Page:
Germans' support for Merkel plummets

German Chancellor Angela Merkel speaks during a media conference at an EU Summit in Brussels on Friday, June 29, 2012. European leaders have agreed to use the continent's permanent bailout fund to recapitalize struggling banks, and agreed to the idea of a tighter union in the long term. (AP Photo/Michel Euler) Michel Euler

(MoneyWatch) German Chancellor Angela Merkel's support of European Union efforts to bail out distressed countries in the region could cost her her job.

Public support in Germany for Merkel's handling of the debt crisis has fallen 50 percent in just three weeks. This sudden evaporation in confidence in her leadership, along with the growing consensus among voters that the country would be offer off if it left the eurozone, suggests the political tide is turning against her.

Only one-third of Germans believe Merkel is making the right decisions over the European debt crisis, according to a new survey conducted for the German daily Bild. Another recent poll put support for her policies at 58 percent, down significantly from last year.

Such figures represent a severe setback for the chancellor, who has said she will seek a third term in Germany's federal election next year -- an election she has vowed to turn into a referendum on the future of Europe.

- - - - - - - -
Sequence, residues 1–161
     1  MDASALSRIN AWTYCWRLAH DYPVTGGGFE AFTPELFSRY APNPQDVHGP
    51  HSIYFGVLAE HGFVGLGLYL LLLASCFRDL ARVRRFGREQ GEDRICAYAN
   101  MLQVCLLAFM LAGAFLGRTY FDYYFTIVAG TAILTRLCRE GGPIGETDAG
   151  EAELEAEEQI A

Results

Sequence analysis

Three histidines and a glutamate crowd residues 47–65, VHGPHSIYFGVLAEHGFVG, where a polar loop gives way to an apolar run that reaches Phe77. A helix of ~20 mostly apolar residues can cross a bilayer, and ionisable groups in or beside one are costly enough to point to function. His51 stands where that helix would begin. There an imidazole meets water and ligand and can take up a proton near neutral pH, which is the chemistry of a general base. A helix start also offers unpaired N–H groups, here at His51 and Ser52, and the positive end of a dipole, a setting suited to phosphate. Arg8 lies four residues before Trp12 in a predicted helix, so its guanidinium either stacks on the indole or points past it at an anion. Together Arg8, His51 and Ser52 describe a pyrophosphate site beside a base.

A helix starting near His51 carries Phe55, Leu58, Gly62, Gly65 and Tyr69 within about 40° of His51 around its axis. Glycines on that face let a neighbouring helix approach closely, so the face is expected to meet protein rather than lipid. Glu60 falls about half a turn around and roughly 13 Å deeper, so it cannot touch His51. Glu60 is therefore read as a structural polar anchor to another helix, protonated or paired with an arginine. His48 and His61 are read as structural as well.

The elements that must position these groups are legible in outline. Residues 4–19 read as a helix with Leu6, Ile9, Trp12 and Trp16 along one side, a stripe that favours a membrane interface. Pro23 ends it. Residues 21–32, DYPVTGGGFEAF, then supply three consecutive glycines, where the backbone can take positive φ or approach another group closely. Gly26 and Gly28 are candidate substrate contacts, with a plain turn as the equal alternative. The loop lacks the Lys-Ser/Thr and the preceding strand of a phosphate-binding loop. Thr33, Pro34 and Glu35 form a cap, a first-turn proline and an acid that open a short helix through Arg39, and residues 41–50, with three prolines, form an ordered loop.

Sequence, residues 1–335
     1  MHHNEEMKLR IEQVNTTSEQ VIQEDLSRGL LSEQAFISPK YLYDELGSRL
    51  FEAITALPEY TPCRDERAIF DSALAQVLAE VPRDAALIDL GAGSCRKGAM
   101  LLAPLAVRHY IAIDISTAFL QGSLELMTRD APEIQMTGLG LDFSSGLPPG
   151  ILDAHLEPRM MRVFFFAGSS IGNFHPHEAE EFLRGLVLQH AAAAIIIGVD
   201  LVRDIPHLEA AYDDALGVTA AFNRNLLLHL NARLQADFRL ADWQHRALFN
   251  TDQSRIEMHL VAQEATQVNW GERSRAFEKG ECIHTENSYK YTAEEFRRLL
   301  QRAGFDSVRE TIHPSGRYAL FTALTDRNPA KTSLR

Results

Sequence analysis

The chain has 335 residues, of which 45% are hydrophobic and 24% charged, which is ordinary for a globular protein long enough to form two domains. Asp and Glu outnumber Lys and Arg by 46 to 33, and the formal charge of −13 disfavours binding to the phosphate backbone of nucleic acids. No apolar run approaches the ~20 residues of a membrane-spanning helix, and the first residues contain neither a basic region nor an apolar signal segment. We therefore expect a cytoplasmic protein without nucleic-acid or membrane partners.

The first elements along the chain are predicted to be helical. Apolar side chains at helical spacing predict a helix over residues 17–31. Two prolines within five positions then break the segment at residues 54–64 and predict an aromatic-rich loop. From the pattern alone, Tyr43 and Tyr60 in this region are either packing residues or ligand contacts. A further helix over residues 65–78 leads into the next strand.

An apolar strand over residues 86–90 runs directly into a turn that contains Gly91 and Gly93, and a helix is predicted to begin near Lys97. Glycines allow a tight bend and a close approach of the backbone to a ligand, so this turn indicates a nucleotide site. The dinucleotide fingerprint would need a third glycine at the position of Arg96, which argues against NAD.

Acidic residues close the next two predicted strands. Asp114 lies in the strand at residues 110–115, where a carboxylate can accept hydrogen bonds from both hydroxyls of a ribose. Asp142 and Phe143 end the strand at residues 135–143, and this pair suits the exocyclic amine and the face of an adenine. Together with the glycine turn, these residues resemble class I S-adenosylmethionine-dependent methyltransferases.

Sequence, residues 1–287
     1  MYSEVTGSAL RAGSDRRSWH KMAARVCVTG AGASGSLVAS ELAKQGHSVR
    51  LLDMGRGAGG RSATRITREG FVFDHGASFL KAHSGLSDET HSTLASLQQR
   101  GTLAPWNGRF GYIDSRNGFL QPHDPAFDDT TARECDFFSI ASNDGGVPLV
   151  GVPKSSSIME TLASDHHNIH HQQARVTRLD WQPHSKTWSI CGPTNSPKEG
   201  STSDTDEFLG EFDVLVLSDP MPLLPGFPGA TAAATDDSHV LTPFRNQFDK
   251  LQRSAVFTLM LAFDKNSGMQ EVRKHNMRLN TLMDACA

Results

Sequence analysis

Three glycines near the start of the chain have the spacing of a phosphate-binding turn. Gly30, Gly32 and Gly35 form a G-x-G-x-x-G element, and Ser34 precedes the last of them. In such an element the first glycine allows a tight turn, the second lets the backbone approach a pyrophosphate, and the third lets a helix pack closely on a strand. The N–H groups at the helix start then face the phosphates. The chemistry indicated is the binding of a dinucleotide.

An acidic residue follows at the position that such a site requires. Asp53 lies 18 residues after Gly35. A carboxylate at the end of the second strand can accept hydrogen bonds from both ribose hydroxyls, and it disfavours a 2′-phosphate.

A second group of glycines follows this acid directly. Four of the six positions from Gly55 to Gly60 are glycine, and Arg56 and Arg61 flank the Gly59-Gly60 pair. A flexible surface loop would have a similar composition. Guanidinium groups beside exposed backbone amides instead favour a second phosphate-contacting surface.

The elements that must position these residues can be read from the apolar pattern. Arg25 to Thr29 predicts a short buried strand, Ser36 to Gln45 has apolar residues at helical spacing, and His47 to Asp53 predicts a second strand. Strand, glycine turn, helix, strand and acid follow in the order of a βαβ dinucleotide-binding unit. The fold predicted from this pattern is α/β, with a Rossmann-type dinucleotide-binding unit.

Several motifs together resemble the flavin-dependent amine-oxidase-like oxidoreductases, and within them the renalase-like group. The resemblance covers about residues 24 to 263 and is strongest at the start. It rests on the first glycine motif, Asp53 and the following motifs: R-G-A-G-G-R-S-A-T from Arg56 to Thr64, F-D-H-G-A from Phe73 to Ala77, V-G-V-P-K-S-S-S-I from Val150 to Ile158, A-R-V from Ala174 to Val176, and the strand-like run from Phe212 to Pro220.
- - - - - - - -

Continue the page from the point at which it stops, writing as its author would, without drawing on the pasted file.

What could happen to the U.S. if Spain defaults?
A beginner's guide to the EU crisis
Is the EU ready to end Greece's bailout?

Merkel has taken a tough stance on how to deal with the "contagion" afflicting the eurozone , demanding tough budget cuts by governments seeking aid. Although this won her hostility in many countries in Europe, especially those hit hard by such "austerity" policies, it boosted her popularity at home, where most people are unhappy over having to foot the bill for bailing out nations like Greece, Ireland, and Portugal.

Since July 6, however, the EU's situation has worsened, with Spain seeming to teeter almost daily between solvency and possible default. As fears mounted that the debt crisis was reaching a dangerous new phase, Merkel appeared last weak to soften her opposition to a European Central Bank plan to buy Spanish and Italian government bonds in order to keep their borrowing rates in check.

Merkel's shift is unlikely to go over well in Germany. A separate poll released Monday shows that 51 percent of Germans believed the nation would be better exiting the 17-country eurozone, with only 29 percent thinking it would be worse off. This is the first time since the currency was adopted in 2002 that a majority of Germans has favored leaving the monetary union.

  • Constantine von Hoffman On Twitter»

    Constantine von Hoffman is a freelance writer and writing coach. His work has appeared in outlets such as Harvard Business Review, NPR, Sierra magazine, Brandweek, CIO, The Boston Herald, TheStreet.com, CSO, and Boston Magazine.

Comments